M&A bar gleans lessons from blowup of $4.75B pharma deal.


Byline: Pat Murphy

When Delaware courts speak, business attorneys listen, and a recent ruling allowing a German drug company to pull out of $4.75 billion deal to acquire a U.S. competitor has local M&A lawyers buzzing.

On Oct. 1, 2018, the Delaware Chancery Court handed down a 247-page decision recognizing that Fresenius Kabi AG had a contractual right to terminate its acquisition of generic pharmaceutical manufacturer Akorn pursuant to two separate "material adverse effect" clauses in the parties' merger agreement.

The Chancery Court ruling in Akorn, Inc. v. Fresenius Kabi AG is the first time that a Delaware court upheld the termination of a merger agreement pursuant to an MAE clause. Judge J. Travis Laster found two adverse developments occurred between the parties' execution of the merger agreement on April 24, 2017, and the scheduled closing date of April 24, 2018.

First, Akorn's business performance "fell off a cliff" beginning in the second quarter of 2017. The judge noted that when Akorn announced its financial results later that year, the company reported a 29 percent decline in revenue and an 89 percent drop in operating income.

Second, the cratering of Akorn's business fortunes coincided with Fresenius uncovering evidence that Akorn was misrepresenting its compliance with Food & Drug Administration regulatory requirements, a condition of closing.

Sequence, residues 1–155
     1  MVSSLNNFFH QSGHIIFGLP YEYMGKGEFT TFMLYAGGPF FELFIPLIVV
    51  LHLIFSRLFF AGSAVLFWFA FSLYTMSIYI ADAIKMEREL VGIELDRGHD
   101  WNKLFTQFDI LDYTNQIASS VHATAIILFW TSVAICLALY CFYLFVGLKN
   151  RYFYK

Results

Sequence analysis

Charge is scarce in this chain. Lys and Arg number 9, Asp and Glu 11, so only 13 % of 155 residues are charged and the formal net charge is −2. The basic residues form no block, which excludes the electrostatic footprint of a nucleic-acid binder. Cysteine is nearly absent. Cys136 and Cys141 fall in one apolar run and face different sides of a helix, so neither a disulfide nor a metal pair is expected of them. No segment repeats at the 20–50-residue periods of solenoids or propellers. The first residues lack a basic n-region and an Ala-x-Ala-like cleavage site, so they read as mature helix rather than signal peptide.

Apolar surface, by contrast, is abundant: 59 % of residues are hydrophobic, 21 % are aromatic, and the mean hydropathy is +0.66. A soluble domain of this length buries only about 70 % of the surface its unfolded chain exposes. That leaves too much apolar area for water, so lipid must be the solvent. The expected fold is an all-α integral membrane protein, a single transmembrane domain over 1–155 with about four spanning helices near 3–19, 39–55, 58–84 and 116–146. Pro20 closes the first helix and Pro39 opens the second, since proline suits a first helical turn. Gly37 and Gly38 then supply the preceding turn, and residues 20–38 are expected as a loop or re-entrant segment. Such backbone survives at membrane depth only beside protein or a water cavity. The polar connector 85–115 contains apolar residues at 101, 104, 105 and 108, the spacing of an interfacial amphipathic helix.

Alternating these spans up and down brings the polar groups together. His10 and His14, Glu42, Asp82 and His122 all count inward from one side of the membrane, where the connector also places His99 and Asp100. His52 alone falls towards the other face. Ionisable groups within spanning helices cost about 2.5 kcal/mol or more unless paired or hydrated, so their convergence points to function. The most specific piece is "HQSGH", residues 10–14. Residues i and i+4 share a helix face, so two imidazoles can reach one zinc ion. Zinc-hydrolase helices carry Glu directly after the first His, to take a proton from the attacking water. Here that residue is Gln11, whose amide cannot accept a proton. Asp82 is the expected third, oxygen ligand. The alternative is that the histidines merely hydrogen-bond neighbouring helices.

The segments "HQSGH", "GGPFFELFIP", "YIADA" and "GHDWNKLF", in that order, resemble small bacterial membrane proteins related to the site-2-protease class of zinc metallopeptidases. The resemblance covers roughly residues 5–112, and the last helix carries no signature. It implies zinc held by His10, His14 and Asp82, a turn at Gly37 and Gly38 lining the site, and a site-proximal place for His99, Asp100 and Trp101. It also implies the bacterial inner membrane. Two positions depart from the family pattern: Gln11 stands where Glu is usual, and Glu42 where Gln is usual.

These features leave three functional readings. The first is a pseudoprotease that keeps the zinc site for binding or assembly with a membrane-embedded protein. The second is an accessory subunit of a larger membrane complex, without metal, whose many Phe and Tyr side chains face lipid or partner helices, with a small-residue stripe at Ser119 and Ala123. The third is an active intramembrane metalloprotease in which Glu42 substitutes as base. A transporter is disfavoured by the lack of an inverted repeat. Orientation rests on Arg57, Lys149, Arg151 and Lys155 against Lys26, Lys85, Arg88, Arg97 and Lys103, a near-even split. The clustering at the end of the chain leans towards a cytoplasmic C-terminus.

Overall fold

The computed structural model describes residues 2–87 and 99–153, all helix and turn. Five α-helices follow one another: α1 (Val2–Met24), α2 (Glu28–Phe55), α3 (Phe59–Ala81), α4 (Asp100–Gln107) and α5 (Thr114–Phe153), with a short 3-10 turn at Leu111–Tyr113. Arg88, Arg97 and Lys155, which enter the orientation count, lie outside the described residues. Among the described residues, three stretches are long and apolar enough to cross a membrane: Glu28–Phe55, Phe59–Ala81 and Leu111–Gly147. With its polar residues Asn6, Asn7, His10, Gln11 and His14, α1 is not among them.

Those developments justified Fresenius invoking its contractual right to terminate, Laster concluded.

The Delaware Supreme Court affirmed Laster's landmark decision in a three-page order issued Dec. 7.

Boston mergers and acquisitions attorney Matthew W. Tikonoff said the language used in the parties' merger agreement was critical to the outcome in Akorn.

"The case really reminds us that the court is going to respect the parties' contractual allocation of risk in the [representations] and warranties in the definition [of MAE]," Tikonoff said. "So it's placing a renewed focus on how the parties draft that definition and allocate that risk as between the buyer and the seller."

Andrew Spacone called Akorn the "perfect storm" for enforcing an MAE clause. But he did not see the case as opening the door to more buyers being allowed to walk away from M&A deals in Delaware courts.

"You had misrepresentation on the part of Akorn, you had breach of the regulatory M&A, and then you had this really precipitous and significantly durational decline in business," said Spacone, who teaches business law...

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